I also heard this: While the US comprises 2% of world population, we consume 25% of the world’s energy resources.

I do not vouch for those statistics, although I don’t doubt their validity.

My point is this: We are quick to vilify British Petroleum, but they are only doing what we asked them to do. More oil, please, and make it quick. My car is thirsty. I have to fly to Europe for a wine tasting.  I’m moving to the country, so my kids can breathe clean air, even though now my commute is a gasoline-guzzling hour and a half every day.

There’s no question that BP was horrendously irresponsible and unforgivably lax in their safety measures. I am not absolving them of their heinous actions. But we need to take a very close look at our own culpability in this mess.

Americans don’t like regulations, because we want our freedoms. Well, we have the freedom to be irresponsible about our oil consumption, just like we have the freedom to be irresponsible about our personal debt, our birth rate, and our health. What’s it going to take for us to use less energy? Government rationing?  Enormous taxes on petroleum products?

Well, we’re going to have to change our lifestyles, because oil is a finite commodity. Doesn’t anybody realize that there are only 15,500 days left to the END of oil? (www.worldometers.info) And that is at today’s rate of consumption, but at a net population gain of around 175,000 people per day, what are the chances of that?

Who are we going to blame when the oil is gone? Or, since I’ll be dead in fewer than 15,500 days, what do I care? It’ll be someone else’s problem then. Well, of course I care, and so should you. Stop looking at BP and start looking at yourself.

If we are unable or unwilling to control our gluttony, then perhaps it’s time for someone else to regulate our behavior.  And when that day comes, we’ll have nobody to blame but ourselves.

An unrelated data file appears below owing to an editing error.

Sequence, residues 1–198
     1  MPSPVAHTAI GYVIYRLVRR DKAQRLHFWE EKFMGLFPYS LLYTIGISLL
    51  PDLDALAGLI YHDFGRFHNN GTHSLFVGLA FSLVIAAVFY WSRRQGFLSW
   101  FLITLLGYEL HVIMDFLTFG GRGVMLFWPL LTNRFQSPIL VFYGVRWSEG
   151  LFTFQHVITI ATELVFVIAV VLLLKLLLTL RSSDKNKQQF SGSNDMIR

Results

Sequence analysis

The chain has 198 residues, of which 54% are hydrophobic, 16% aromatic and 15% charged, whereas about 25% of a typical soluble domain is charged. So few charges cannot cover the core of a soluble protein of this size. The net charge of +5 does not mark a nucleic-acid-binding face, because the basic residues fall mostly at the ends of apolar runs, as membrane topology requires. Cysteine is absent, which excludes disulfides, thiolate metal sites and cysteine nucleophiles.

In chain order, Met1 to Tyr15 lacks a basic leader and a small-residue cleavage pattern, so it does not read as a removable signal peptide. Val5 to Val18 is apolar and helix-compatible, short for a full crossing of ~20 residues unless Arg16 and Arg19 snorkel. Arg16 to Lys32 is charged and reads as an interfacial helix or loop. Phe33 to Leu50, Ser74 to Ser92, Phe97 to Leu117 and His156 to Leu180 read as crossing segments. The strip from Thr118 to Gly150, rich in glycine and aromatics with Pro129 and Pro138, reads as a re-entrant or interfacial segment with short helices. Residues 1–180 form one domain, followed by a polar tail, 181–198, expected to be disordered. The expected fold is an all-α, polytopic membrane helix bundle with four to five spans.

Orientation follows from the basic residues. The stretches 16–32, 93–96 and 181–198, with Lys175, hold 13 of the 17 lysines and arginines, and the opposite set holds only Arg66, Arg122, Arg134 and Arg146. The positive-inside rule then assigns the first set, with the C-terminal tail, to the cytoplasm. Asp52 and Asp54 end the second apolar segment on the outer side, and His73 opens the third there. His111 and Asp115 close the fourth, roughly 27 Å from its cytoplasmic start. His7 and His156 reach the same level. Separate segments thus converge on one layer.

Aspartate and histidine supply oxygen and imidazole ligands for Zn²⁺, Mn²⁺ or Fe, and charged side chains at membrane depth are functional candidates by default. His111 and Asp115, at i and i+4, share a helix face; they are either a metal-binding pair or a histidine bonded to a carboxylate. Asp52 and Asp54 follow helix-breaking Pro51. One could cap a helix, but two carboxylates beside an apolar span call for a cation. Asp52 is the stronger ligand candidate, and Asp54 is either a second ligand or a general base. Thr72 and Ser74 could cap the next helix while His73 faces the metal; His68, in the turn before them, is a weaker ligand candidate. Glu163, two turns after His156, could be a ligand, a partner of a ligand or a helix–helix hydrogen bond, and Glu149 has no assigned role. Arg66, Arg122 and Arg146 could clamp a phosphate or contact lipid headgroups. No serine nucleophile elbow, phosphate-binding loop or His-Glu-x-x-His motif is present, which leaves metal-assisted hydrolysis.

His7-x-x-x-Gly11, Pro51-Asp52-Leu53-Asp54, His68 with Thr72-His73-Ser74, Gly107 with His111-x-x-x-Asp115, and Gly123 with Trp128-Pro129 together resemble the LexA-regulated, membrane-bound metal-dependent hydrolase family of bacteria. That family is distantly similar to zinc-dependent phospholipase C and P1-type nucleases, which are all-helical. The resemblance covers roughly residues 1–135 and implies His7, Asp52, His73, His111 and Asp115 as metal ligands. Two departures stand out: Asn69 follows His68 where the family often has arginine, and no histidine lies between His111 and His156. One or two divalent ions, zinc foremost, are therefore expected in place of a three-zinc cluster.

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Filed under Discipline, Social Consciousness

Aren’t We Lucky?

I grew up in a white, middle-class neighborhood. My dad had a good job; my mom was a homemaker, I have one brother and one sister, we had a dog and a cat, two cars and a house with a nice lawn. We went to the lake in the summer. 

All through my childhood, I was told how lucky I was. How privileged. How grateful I should be that I wasn’t born in a desolate, disease-ridden part of the world, to poor parents, starving, uneducated. And I was grateful. I still am grateful.

But that’s not enough any more. I have come to believe that The Powers That Be knew of my gifts and talents long before I was born and they put me into a privileged situation so that I wouldn’t have to scrape for food on a daily basis, but instead could be free to contemplate how best to utilize my gifts and talents to serve those less fortunate. 

I wish this had been the message given to me my whole life. I would have structured things differently, voted differently, allocated resources differently, written about different things, put my energies into different endeavors. I have come to believe that the celestial advisors are looking to me — and you — to see what we have done with the incredible opportunities we have been given. Do we use our intellect and our wealth for altruistic purposes? Or does it just fuel our greed? Are we miserly with our resources, or generous? Are we happy, joyous and free? Or bitchy and miserable to be around?

I look around and I’m ashamed. I’m embarrassed. People who profess their faith are not acting accordingly. How can we let people starve? How can we let people die for lack of medicine, or mosquito netting over their beds? How can we recklessly squander our resources and then look to those who have marshalled their resources wisely to save us?

How can we send our young people off to war?

Really. We’re sending people off to war?

Shouldn’t we be a little further along than this?

I’m searching my soul today, considering what I can do to uplift the terribly sad state of our world. If I listen carefully, I’m certain I’ll hear a suggestion that I can accomplish today. One small person doing one small thing of faith, for the betterment of my spiritual brothers and sisters.  And if you do one small thing, too, that would double my efforts.

Eventually, we could have ten billion small people doing ten billion small things for each other. Every day. Don’t you think that would make a difference?

Let’s do it.

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Filed under disappointment, Discipline, dreams, Possibilities, Social Consciousness, Spirituality